The UPFE Food Summits, held in three regions of Michigan’s UP, are a rural, small-scale approach to the food summit. Rather than hosting one food summit to address a geographic region that comprises about 33% of the state and is home to only 3% of the Michigan’s population, UPFE hosted multiple events in broadly defined sub-regions of East, Central, and West to recognize food system subcultures. Different areas of the UP specialize in different growing or foraging practices, have a climate suited to producing different foods, and have access to different kinds of infrastructure (such as shared use kitchens, transportation, or cold storage). In each region of the UP, the food summit brought together stakeholders from different parts of the food system -- food producers and foragers, restaurant owners, institutional food purchasers, policy makers, and educators -- together to learn from one another, identify emerging issues, and take action, either individually or as part of a collective. The planning committee identified these five different groups as key players in the food system and used these groups as “tracks” to build a 60 minute educational presentation or panel tailored to each group’s interests. Participants indicated that some areas are not fully represented by the three subregions and that more locations should be added due to travel times exceeding two hours.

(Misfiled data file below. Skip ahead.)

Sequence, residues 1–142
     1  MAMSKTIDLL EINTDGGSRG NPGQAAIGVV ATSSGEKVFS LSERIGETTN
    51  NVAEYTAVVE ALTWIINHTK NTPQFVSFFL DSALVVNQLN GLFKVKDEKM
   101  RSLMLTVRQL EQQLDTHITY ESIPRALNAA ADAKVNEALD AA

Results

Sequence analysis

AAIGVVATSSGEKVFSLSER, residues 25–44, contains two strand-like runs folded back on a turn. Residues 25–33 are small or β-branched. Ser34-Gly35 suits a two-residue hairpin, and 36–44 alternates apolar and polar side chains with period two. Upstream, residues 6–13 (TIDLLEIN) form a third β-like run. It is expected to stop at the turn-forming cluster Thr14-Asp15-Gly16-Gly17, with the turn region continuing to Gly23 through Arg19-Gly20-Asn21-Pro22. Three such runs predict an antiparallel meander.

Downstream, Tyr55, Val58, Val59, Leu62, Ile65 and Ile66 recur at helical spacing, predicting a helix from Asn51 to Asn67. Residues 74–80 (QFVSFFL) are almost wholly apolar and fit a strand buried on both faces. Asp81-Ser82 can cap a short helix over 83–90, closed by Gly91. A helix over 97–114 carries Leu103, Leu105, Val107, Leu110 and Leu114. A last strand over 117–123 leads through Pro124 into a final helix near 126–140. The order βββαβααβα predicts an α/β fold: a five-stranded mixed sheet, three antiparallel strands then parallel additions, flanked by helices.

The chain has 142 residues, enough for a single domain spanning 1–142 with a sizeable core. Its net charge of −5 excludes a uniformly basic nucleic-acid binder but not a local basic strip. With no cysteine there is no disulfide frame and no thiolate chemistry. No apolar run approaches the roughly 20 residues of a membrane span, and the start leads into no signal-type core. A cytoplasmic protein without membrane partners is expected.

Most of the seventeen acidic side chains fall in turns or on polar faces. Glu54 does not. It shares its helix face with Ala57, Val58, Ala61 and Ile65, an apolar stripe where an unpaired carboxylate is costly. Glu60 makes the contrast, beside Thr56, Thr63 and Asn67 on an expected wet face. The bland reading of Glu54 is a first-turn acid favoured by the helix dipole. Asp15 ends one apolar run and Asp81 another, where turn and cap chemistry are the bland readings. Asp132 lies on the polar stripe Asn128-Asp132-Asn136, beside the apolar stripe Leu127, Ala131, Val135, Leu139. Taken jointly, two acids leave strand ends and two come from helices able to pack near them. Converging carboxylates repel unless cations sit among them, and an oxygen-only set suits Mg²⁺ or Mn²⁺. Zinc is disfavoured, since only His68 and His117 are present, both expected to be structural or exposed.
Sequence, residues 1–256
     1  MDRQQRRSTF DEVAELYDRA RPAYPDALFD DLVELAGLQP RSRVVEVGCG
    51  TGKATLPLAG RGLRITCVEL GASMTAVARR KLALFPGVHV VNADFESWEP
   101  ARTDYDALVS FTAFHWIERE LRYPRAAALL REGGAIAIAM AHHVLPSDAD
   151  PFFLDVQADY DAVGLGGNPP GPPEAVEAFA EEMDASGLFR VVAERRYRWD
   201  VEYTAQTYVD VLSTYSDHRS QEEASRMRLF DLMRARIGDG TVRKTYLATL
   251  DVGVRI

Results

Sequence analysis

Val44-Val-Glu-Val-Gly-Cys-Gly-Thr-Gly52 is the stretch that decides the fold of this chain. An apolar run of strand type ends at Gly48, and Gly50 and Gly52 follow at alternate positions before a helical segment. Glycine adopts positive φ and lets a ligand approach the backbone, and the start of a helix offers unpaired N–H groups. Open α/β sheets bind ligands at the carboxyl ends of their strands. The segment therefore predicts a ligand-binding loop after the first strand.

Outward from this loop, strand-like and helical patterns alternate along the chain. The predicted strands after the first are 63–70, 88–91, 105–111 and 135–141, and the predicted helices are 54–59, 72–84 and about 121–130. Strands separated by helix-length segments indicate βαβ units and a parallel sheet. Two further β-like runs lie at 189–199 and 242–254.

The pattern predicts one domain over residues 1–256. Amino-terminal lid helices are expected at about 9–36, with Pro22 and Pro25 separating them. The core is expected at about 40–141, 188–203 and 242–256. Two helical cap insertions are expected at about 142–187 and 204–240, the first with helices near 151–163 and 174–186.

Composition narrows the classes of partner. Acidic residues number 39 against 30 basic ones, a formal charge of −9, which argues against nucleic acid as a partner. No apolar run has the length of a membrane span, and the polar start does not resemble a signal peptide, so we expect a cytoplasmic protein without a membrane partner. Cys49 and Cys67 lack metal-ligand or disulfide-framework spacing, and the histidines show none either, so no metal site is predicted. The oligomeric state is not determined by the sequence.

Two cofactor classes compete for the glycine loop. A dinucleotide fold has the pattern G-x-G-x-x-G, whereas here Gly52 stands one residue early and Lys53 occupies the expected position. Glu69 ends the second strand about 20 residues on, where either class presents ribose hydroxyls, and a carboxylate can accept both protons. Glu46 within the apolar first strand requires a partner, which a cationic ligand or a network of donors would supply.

The UP Food Exchange is a coalition of food system organizations that use the food summit concept on an annual or every-other-year basis to check in with ongoing food system initiatives like: